FACT CHECK: Rauner’s Leadership Shifted the State’s Infrastructure Plan into Reverse
In a fitting bit of symbolism, Governor Bruce Rauner today announced the state’s new six-year infrastructure plan in front of a bridge that’s been slated for replacement since 2013. But the announcement also comes after years of Bruce Rauner entirely failing to manage the infrastructure of the state, leaving us with a system rated “C-Minus” and costing drivers $16 billion a year.
Rauner’s three-year budget crisis and consistent mismanagement left the state’s infrastructure to deteriorate, and increased fares and reduced service on Illinois’ mass transit systems. In a memorable day just last year, all work stopped on Illinois’ roadways as Rauner’s budget impasse temporarily put 20,000 construction workers out of work. Rauner vetoed a bipartisan budget that would have put people back to work the next day.
“Bruce Rauner’s failed leadership shifted the state’s infrastructure system into reverse,” said DGA Illinois Communications Director Sam Salustro. “Rauner will spend the next six months desperately trying to distract from his failed record, but press stunts and empty promises won’t change the fact that his budget crisis stalled progress in the state.”
RAUNER’S BUDGET CRISIS STALLED $3.3 BILLION IN ROADWORK PROJECTS AND WASTED ABOUT $30 MILLION TO HALT AND THEN RESTART THEM
Road Construction Halted Temporarily Until The Budget Impasse Ended, Forcing The Shutdown Of Transportation Projects Totaling $3.3 Billion And Affecting An Estimated 20,000 Workers. “Road construction workers across the state will begin returning to their jobs after the Illinois Department of Transportation said construction projects can resume with Thursday’s approval of a full-year state budget. Workers were sent home or not called in at all on Monday, the first work day of the state fiscal year amid the ongoing budget impasse that led to the state shutting down approximately 900 transportation projects totaling $3.3 billion, according to one of the state’s largest contractor associations. The Illinois Department of Transportation estimated 20,000 workers were affected.” [State Journal-Register, 7/7/17]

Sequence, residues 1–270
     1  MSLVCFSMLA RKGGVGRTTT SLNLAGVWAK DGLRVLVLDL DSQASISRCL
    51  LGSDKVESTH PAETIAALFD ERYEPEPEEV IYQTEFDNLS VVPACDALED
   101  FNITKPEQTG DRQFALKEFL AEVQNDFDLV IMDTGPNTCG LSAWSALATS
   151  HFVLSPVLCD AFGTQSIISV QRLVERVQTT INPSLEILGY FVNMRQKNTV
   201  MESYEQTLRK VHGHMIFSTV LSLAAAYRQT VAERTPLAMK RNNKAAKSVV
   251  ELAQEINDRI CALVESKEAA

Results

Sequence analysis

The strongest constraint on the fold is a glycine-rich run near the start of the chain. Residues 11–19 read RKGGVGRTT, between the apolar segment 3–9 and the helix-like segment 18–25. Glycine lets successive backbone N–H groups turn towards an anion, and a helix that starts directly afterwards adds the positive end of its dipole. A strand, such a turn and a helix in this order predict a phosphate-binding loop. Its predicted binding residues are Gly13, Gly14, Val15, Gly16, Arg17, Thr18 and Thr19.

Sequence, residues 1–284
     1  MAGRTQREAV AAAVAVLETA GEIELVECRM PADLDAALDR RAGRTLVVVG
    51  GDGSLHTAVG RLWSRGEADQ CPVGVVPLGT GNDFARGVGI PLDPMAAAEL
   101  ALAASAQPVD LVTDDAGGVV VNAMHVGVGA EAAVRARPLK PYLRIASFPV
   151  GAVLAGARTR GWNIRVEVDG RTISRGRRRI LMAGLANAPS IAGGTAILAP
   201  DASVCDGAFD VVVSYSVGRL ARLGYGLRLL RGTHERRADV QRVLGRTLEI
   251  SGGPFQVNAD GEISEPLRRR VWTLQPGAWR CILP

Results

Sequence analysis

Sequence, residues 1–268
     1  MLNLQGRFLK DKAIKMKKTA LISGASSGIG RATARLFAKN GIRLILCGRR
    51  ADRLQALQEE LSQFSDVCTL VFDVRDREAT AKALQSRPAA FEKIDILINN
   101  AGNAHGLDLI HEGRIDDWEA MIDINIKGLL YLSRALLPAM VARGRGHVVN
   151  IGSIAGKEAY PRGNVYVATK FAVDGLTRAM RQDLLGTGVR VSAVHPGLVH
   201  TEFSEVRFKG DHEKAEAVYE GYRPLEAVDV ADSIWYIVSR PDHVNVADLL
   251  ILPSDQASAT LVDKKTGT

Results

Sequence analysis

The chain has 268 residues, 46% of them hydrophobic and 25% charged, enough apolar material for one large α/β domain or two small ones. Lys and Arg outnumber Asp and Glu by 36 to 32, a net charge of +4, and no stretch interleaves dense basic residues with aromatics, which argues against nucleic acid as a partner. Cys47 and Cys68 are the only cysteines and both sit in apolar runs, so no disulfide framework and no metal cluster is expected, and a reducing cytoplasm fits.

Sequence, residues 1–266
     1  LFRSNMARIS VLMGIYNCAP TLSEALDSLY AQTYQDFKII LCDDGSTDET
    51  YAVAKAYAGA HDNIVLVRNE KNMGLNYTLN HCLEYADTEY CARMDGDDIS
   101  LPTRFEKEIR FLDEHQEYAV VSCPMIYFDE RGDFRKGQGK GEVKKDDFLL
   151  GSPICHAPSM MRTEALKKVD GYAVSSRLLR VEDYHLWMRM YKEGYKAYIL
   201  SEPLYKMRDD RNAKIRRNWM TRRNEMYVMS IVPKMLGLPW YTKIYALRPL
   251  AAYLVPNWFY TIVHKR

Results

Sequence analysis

Shutting Down And Then Restarting The 700 Road Projects Throughout The State Was Estimated To Cost Around $30 Million. “Illinois had gone 736 days without a budget, and the state told road contractors it would not be able to pay them after June 30. The costs of shutting down 700 projects across the state, maintaining the sites during the work stoppage and then starting work up again could be more than $30 million, based on estimates provided by the Illinois Department of Transportation before June 30.” [Chicago Tribune, 7/9/17]
THE BUDGET IMPASSE AND BUDGET CUTS RESULTED IN METRA FARE INCREASES AND SERVICE REDUCTIONS
11/10/17: Metra Approved Service Cuts And Fare Hikes Of Up To 12.6 Percent In 2018. “Metra directors approved fare hikes today of up to 12.6 percent, along with service cuts on routes such as the North Central Service that will start in February 2018. It’s the fourth year of higher tickets for riders, coming on the heels of a cumulative average 18.6 percent increase from 2015 to 2018.” [Daily Herald, 11/10/17]
Metra Said That They Had No Choice But To Increase Fare Prices Because Of The $45 Million Shortfall They Experienced From Funding Cuts And Growing Expenses. “Metra directors approved fare hikes today of up to 12.6 percent, along with service cuts on routes such as the North Central Service that will start in February 2018… Metra leaders say the railroad has no choice given a $45 million shortfall they attributed to funding cuts and growing expenses. But many riders aren’t happy, including Hal Phillips of Arlington Heights. ‘I understand there might be a need for an increase, but it seems excessive,’ he said, adding most companies are offering merit increases for employees of 2 to 3 percent. About $30 million of Metra’s shortfall is caused by higher costs, including about $23 million attributable to employee-related expenses such as salaries, which are going up by an average of 3 percent. Another $15 million is a result of cuts in state aid, government fees and lackluster sales tax receipts. Metra’s operating budget, which includes salaries and equipment, is $797 million in 2018 compared to $781 million in 2017.” [Daily Herald, 11/10/17]